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Small Rule Change That Could Give the U.S. Government Sweeping New Warrant Power, posted by Richard Salgado, Legal Director, Law Enforcement and Information Security, by Sabrina I Pacifici, BeSpacific Blog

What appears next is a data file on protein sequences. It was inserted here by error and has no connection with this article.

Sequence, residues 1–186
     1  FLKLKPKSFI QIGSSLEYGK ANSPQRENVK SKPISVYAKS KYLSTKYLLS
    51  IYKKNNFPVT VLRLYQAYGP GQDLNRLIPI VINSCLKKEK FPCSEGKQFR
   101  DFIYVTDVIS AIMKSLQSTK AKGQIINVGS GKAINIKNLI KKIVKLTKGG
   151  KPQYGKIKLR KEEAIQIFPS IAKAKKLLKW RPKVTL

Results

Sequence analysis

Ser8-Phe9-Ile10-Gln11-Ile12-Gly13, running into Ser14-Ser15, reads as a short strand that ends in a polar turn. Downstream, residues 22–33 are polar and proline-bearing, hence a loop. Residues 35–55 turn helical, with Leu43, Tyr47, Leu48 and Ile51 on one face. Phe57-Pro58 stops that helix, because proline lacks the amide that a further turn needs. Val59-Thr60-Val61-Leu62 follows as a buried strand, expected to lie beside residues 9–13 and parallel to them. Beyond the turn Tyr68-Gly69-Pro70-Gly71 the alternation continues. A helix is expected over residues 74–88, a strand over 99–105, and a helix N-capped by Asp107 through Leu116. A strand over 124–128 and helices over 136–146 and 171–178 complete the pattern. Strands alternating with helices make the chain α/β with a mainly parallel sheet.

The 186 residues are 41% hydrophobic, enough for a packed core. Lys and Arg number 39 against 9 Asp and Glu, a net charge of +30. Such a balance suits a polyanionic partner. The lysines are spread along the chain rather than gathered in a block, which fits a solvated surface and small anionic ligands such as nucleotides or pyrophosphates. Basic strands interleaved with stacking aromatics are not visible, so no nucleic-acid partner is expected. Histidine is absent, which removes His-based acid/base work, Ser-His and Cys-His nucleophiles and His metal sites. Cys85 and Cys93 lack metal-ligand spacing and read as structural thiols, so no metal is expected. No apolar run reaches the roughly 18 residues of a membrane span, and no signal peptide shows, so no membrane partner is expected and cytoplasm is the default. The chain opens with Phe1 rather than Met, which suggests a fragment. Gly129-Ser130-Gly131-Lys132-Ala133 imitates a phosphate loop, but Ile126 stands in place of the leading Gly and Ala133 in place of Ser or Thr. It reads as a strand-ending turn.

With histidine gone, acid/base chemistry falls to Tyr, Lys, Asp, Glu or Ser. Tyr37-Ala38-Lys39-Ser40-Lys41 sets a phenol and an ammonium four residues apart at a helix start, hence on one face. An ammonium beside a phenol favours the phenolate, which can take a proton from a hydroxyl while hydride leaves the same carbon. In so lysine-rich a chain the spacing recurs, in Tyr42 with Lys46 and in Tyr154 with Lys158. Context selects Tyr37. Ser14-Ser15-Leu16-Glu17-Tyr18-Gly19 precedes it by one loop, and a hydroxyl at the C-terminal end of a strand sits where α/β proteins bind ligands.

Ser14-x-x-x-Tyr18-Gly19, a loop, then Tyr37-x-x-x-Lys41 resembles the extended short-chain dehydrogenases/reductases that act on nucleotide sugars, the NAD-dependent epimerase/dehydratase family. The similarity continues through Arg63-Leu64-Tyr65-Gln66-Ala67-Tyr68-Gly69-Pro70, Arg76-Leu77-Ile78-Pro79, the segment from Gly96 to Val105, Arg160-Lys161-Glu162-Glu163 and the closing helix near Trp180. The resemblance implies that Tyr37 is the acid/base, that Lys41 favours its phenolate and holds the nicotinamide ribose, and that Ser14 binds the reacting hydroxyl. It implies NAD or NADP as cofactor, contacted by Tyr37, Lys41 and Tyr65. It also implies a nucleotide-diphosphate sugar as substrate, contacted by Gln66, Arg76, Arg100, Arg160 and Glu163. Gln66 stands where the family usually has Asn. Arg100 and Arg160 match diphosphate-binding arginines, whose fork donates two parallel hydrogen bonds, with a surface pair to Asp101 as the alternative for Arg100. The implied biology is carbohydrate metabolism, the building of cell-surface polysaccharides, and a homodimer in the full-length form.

‘At the request of the Department of Justice, a little-known body — the Advisory Committee on the Rules of Criminal Procedure — is proposing a significant change to procedural rules that could have profound implications for the privacy rights and security interests of everyone who uses the Internet. Last week, Google filed comments opposing this change. It starts with the Federal Rule of Criminal Procedure 41, an arcane but important procedural rule on the issuance of search warrants. Today, Rule 41 prohibits a federal judge from issuing a search warrant outside of the judge’s district, with some exceptions. The Advisory Committee’s proposed change would significantly expand those exceptions in cases involving computers and networks. The proposed change would allow the U.S. government to obtain a warrant to conduct ‘remote access’ searches of electronic storage media if the physical location of the media is ‘concealed through technological means,’ or to facilitate botnet investigations in certain circumstances. The implications of this expansion of warrant power are significant, and are better addressed by Congress. First, in setting aside the traditional limits under Rule 41, the proposed amendment would likely end up being used by U.S. authorities to directly search computers and devices around the world. Even if the intent of the proposed change is to permit U.S. authorities to obtain a warrant to directly access and retrieve data only from computers and devices within the U.S., there is nothing in the proposed change to Rule 41 that would prevent access to computers and devices worldwide. The U.S. has many diplomatic arrangements in place with other countries to cooperate in investigations that cross national borders, including Mutual Legal Assistance Treaties (MLATs). Google supports ongoing efforts to improve cooperation among governments, and we are concerned that the proposed change to Rule 41 could undermine those efforts. The significant foreign relations issues associated with the proposed change to Rule 41 should be addressed by Congress and the President, not the Advisory Committee.’